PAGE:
In his State of the Union speech, the President said:Millions of innocent Americans have seen their home values decline. And while government can't fix the problem on its own, responsible homeowners shouldn't have to sit and wait for the housing market to hit bottom to get some relief.
And that's why I'm sending this Congress a plan that gives every responsible homeowner the chance to save about $3,000 a year on their mortgage, by refinancing at historically low rates. No more red tape. No more runaround from the banks. A small fee on the largest financial institutions will ensure that it won't add to the deficit and will give those banks that were rescued by taxpayers a chance to repay a deficit of trust.
I found this interesting, and can't wait to see the legislation that the Prez is going to offer up.
I have written four articles on the topic of a Mega ReFi (here
). The first one was back in August. At first I thought there might be something behind all this talk. Now, five months later, I think it's all gas. We're not going to see any big ReFi plan until after the next election. These are the issues as I see it:
The Administration has been trying to come up with programs that would aid underwater homeowners. This problem is, by far, the biggest domestic drag on the economy. So it makes sense that the Obama team is looking for ways to deal with it. There is one enormous impediment that they face in achieving this lofty objective. They don't have the money to fill this very big bucket.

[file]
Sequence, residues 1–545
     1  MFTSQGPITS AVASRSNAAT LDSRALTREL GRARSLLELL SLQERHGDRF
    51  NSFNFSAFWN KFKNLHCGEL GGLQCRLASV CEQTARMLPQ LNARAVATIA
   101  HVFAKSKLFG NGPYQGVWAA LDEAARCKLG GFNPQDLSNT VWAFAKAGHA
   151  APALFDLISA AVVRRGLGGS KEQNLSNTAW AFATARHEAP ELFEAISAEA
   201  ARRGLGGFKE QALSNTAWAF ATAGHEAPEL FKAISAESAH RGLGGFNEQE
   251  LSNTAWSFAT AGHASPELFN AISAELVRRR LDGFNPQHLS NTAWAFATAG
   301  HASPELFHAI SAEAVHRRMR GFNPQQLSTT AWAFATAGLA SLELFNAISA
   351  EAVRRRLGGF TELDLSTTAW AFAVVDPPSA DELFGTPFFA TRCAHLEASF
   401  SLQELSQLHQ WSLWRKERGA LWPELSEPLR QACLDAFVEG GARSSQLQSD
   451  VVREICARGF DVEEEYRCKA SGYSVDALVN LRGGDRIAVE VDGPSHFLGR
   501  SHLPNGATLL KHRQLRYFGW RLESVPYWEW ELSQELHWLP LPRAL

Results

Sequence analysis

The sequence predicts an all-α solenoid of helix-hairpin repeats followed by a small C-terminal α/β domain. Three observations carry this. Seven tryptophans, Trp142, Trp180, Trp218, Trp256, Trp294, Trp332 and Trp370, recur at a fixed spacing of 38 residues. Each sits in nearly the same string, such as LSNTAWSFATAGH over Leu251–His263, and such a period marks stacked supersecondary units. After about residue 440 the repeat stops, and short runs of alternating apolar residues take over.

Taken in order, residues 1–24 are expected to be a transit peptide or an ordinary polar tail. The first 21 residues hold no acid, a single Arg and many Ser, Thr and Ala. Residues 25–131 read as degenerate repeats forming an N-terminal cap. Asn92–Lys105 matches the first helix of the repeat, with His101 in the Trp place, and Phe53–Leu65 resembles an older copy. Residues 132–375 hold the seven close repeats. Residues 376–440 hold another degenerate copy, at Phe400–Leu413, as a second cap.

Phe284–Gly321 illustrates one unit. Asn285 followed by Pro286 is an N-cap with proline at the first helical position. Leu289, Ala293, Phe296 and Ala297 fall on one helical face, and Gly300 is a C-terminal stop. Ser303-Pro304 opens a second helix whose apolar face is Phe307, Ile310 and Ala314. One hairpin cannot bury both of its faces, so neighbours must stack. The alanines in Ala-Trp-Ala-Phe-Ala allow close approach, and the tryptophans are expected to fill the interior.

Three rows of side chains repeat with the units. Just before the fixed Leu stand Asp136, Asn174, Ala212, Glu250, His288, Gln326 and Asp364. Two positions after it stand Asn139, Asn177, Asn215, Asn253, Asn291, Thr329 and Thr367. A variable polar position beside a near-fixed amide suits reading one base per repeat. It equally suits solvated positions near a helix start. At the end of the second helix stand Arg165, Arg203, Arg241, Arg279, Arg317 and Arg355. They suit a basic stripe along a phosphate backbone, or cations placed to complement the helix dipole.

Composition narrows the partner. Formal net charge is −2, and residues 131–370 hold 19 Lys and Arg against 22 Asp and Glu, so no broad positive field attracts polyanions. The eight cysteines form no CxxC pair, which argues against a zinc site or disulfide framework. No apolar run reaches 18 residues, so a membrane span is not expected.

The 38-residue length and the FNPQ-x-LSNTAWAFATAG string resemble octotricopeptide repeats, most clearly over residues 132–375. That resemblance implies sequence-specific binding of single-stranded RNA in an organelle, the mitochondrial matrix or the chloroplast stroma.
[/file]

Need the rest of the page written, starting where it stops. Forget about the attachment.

If they tried to pass a bill that would raise the odd $200-300 billion needed, they'd fall flat on their face.
The Administration's thinking has been that underwater borrowers should get the benefit of today's lower interest rates, and it should not matter if the borrowers are underwater by 25% or more. The White House would like the unrealized losses to be rolled over at a low enough interest rate to let those borrowers dig their way out of the negative equity hole in five or ten years.
To achieve all this, the President's men leaned hard on the one guy who had to sign off on the plan. The President had to ask the permission of Edward DeMarco, the Acting Director of FHFA. DeMarco is ultimately responsible for what happens with our dear friends, Fannie Mae and Freddie Mac.
I have followed DeMarco's words since he was appointed Acting Director. He repeats the same thing every time he has a chance to describe
the goal of his job:
As FHFA has noted on numerous occasions, with taxpayers providing the capital supporting the Enterprises' operations, this "preserve and conserve" mandate directs us to minimize losses on behalf of taxpayers.
In my opinion DeMarco has lived up to that. He has taken steps that have reduced the risks and the ultimate costs that the taxpayers face with Fannie and Freddie (F/F) .